Calif. Demands Answers On Oil Prices

California's Attorney General has begun hauling the CEOs of major oil companies into his office - demanding, in closed door sessions, that those executives tell him, under oath, why gas prices are higher in California than almost anywhere else in the nation.

"This is legal thievery in my view," California State Attorney General Bill Lockyer told CBS News correspondent Sandra Hughes. "It's because it's an oligopoly: it's when you have a handful of companies, seven exactly, that control almost the entire California market."

Those companies insist they're operating within the law, and not trying to gouge their customers. California drivers pay an average of $3.31 a gallon, up more than a dollar since early January, when they were shelling out an average of $2.25 a gallon.

The attorney general is also taking a hard look at refiners' profit margins, which soared by 130 percent at a time when the price of crude oil increased by 14 percent.

"Their claim is 'Oh, we're just passing along the world crude oil increase.' That's clearly not true," says Lockyer.

What is true, according to the California Energy Commission, is that estimated profits have risen from around 30 cents a gallon at the start of the year to about 94 cents per gallon now.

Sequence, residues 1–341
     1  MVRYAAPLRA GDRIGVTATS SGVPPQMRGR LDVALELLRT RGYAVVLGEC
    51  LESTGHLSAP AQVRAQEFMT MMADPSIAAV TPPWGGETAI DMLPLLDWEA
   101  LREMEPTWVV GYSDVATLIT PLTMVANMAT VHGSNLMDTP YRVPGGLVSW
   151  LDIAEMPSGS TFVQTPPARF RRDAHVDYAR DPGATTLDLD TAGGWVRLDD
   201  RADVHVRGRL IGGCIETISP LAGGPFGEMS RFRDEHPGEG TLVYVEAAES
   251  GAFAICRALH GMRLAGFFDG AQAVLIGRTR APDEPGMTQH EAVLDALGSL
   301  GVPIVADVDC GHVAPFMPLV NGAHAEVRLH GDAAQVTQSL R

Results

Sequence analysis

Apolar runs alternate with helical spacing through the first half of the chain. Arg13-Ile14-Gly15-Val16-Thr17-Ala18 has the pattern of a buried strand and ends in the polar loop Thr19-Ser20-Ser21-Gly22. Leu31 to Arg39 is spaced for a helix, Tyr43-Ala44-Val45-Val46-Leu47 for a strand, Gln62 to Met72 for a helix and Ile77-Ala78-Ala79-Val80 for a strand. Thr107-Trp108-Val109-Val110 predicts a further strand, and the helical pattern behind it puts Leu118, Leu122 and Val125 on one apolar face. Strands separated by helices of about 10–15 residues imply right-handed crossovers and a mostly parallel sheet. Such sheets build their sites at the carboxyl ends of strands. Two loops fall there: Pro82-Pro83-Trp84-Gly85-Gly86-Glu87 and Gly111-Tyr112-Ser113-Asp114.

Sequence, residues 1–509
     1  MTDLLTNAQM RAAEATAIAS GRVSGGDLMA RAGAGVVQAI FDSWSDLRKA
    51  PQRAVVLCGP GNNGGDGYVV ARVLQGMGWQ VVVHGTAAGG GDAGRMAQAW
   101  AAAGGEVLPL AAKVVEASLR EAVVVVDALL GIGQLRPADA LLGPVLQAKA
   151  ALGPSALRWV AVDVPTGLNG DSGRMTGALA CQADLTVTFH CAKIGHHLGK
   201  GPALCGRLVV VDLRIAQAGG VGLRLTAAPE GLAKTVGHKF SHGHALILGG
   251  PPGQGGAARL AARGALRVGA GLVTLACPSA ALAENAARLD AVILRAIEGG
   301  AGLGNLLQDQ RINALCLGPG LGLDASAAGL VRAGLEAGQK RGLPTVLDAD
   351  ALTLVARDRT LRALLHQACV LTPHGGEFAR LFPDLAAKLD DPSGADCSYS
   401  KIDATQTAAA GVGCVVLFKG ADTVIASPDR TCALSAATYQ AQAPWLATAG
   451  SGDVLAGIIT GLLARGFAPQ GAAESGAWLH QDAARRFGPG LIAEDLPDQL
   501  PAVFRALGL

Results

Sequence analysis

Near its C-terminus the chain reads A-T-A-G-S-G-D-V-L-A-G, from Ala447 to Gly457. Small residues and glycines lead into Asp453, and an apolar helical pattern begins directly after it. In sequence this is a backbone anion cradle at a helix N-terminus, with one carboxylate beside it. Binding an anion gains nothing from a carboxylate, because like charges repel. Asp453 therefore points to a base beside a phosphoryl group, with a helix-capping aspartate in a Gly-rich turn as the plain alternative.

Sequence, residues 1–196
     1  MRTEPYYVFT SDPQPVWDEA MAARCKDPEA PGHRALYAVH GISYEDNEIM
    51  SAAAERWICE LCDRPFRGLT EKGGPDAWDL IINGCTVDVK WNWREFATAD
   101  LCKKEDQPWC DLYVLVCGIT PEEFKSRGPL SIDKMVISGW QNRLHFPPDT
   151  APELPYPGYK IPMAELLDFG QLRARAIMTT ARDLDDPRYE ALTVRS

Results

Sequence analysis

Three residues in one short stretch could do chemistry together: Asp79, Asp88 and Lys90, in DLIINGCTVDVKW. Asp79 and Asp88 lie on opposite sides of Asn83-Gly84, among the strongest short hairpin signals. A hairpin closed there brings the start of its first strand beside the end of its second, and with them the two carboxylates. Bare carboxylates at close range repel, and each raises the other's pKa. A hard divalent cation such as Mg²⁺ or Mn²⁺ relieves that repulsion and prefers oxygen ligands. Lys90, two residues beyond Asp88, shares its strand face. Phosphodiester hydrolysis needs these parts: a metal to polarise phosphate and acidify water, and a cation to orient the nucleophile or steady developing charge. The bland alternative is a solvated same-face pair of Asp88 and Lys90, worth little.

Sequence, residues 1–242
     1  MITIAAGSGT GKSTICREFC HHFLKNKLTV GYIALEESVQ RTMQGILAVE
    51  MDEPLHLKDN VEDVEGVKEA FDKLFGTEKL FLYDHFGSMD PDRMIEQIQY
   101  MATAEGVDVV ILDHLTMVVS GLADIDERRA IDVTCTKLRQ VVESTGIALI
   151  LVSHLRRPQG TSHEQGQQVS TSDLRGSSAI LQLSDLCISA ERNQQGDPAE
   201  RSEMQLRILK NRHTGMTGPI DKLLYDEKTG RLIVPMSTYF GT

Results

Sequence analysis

"They intentionally short the market using exporting or control of the refinery production," says Tim Hamilton, a petroleum industry consultant hired by a consumer group to investigate why California's gasoline stockpiles run so much lower than the rest of the country, another factor driving high prices.

"Our tanks are constantly on empty," says Hamilton, "and it causes us to have price spikes."

Joe Sparano, of the Western States Petroleum Association, responds to that allegation.

"Our industry has demonstrated in investigation after investigation that it operates well within the law and operates in a manner that does its best to provide an ample supply," says Sparano.

Critics still contend new laws are needed to regulate the supply of gasoline, so prices don't spike over fears that the pump could run dry.
  • Jessica Vrazilek

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